Students to temporarily shift to different middle school
Kids moving into St. Charles to attend Stoddert, not Somers
St. Charles has been a hotbed of county growth and development. Charles County Public Schools are preparing for more students — and to accommodate the steadily-increasing population, middle school students moving into the St. Charles neighborhoods of Gleneagles South, Gleneagles North, Villages of Wooded Glen and Villages of Piney Reach after July 15 will attend Benjamin Stoddert Middle School rather than Milton Somers.
Charles County Public Schools public information officer Katie O’Malley-Simpson said Superintendent Kimberly Hill is making the temporary reassignment for students because Somers is over state-rated capacity and in need of renovations over the next three years.
Until that time, Hill said, “Stoddert has the capacity to absorb new growth to relieve additional student enrollment pressures at Somers.”
The change will not reassign children advancing to middle school to Stoddert if they are already zoned for Somers. Rather, O’Malley-Simpson said, students who move into the designated area after July 15 when new neighborhood homes are occupied will attend Stoddert rather than Somers, where they would have originally been zoned.
The change is expected to add 30 extra students per year to Stoddert’s capacity, O’Malley-Simpson said. And although Somers is being renovated and expanded, students will still be able to attend school there through the process, she said.
“Benjamin Stoddert’s construction is expected to be completed by August 2020 so we won’t start the redistricting process next year, but we’ll probably start it after,” O’Malley-Simpson said. “It won’t take effect until 2020.”
Having three years’ additional growth going into Milton Somers would have been an issue, O’Malley-Simpson said, because the school is currently at capacity. “It’s basically a temporary fix,” she said.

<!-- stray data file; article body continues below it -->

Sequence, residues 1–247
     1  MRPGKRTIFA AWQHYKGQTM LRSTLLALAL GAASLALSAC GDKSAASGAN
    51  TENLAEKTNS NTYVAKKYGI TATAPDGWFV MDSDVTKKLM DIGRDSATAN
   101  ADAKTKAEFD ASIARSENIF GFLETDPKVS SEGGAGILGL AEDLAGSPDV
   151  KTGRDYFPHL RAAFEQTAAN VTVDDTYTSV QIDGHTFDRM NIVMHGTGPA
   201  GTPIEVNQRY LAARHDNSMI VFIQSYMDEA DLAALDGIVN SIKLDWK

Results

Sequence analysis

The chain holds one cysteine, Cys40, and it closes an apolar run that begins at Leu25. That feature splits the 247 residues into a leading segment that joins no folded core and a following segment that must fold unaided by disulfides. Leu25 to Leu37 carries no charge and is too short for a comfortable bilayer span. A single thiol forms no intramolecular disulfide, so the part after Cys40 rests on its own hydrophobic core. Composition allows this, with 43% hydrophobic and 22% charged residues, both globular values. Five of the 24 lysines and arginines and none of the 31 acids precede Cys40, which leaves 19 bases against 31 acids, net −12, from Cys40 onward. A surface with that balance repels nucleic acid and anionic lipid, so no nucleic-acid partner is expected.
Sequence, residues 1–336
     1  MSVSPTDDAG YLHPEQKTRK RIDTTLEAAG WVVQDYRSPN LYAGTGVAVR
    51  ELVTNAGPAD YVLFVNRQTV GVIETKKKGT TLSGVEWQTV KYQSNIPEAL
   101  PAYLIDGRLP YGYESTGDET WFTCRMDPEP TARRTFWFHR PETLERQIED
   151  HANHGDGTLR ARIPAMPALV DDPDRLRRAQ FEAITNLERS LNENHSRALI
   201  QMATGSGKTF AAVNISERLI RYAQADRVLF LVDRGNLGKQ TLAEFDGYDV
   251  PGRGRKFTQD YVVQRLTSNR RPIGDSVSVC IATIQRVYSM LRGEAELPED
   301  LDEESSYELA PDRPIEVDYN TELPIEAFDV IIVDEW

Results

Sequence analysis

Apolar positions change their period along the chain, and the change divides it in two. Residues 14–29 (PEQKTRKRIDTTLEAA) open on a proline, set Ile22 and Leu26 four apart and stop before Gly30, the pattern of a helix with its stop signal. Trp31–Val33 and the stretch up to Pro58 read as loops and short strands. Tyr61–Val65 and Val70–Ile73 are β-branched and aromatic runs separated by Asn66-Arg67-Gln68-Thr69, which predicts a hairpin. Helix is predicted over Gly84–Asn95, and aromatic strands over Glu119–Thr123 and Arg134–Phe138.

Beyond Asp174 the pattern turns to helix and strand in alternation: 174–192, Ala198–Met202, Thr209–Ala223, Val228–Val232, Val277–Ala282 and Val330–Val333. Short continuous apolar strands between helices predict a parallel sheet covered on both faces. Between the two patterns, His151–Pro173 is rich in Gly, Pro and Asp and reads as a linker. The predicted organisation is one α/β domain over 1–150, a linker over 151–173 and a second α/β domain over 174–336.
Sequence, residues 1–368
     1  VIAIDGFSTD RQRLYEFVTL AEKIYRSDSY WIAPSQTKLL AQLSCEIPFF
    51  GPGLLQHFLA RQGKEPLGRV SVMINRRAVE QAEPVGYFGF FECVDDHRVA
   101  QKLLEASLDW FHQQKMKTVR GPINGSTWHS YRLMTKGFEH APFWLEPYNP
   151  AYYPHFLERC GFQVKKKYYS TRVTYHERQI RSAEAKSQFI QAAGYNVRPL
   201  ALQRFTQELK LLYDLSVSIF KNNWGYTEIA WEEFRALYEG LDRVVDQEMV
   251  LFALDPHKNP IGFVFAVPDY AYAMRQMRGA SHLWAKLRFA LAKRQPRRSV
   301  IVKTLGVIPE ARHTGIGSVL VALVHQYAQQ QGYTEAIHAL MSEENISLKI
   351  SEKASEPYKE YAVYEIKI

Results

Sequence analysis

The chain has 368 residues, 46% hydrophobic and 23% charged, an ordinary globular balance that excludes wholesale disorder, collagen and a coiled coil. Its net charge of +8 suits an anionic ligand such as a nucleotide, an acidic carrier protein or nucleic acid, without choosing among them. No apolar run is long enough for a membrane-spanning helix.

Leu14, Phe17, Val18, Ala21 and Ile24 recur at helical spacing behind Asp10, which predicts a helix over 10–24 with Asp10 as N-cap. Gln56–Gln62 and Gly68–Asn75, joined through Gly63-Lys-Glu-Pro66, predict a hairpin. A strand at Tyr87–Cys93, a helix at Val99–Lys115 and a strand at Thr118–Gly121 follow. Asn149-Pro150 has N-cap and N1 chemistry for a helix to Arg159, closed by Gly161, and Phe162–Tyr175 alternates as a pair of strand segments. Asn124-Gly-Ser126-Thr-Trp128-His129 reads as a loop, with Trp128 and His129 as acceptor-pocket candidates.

The school system prefers not to redistrict more than once every three years, O’Malley-Simpson said, because moving students around is difficult on the children. What they are doing now, she said, does not move any students; it just temporarily reassigns new students to a different school.
Benjamin Stoddert Principal Kenneth Schroeck said with Stoddert being under state-rated capacity, they are more than willing to bring in students originally assigned to Somers. The buildup of the neighborhoods will be slow, he said, so while the solution is temporary the work their faculty will be doing is important.
The addition of 30 extra students annually will not be too much, Schroeck said, and each student will be accepted and welcomed — just as any other new student would.
“Our mission is to make sure to embrace every new student, new family, get them acclimated to our school and involved immediately and connected with them,” Schroeck said. “It’s no different from any new student that comes in.”
O’Malley-Simpson said the neighborhood buildout would be linear and would not have students who are neighbors attending different schools. There will be different sections of students, she said, in these areas but there would not be different buses coming into the same neighborhood to transport students to two different schools.
“They’re building it in order. They kind of do them all at the same time,” O’Malley-Simpson said. “Otherwise, it’s just a scheduling thing. And we schedule buses all the time.”